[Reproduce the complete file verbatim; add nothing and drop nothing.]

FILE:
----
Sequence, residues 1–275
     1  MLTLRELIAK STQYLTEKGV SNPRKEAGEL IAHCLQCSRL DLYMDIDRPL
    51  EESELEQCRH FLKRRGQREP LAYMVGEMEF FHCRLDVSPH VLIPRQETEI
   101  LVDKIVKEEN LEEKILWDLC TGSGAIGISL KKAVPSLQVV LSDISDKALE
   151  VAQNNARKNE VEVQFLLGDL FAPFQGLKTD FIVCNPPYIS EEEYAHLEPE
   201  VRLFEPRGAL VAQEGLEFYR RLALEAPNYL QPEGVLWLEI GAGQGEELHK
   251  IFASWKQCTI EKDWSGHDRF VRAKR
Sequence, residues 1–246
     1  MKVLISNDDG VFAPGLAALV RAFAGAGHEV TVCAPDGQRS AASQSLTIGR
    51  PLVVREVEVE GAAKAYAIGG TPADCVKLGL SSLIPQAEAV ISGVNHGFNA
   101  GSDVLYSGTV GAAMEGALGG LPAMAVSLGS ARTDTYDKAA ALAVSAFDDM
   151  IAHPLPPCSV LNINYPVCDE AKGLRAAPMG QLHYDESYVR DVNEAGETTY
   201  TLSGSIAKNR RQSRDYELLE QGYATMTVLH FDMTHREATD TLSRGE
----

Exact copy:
Sequence, residues 1–275
     1  MLTLRELIAK STQYLTEKGV SNPRKEAGEL IAHCLQCSRL DLYMDIDRPL
    51  EESELEQCRH FLKRRGQREP LAYMVGEMEF FHCRLDVSPH VLIPRQETEI
   101  LVDKIVKEEN LEEKILWDLC TGSGAIGISL KKAVPSLQVV LSDISDKALE
   151  VAQNNARKNE VEVQFLLGDL FAPFQGLKTD FIVCNPPYIS EEEYAHLEPE
   201  VRLFEPRGAL VAQEGLEFYR RLALEAPNYL QPEGVLWLEI GAGQGEELHK
   251  IFASWKQCTI EKDWSGHDRF VRAKR
Sequence, residues 1–246
     1  MKVLISNDDG VFAPGLAALV RAFAGAGHEV TVCAPDGQRS AASQSLTIGR
    51  PLVVREVEVE GAAKAYAIGG TPADCVKLGL SSLIPQAEAV ISGVNHGFNA
   101  GSDVLYSGTV GAAMEGALGG LPAMAVSLGS ARTDTYDKAA ALAVSAFDDM
   151  IAHPLPPCSV LNINYPVCDE AKGLRAAPMG QLHYDESYVR DVNEAGETTY
   201  TLSGSIAKNR RQSRDYELLE QGYATMTVLH FDMTHREATD TLSRGE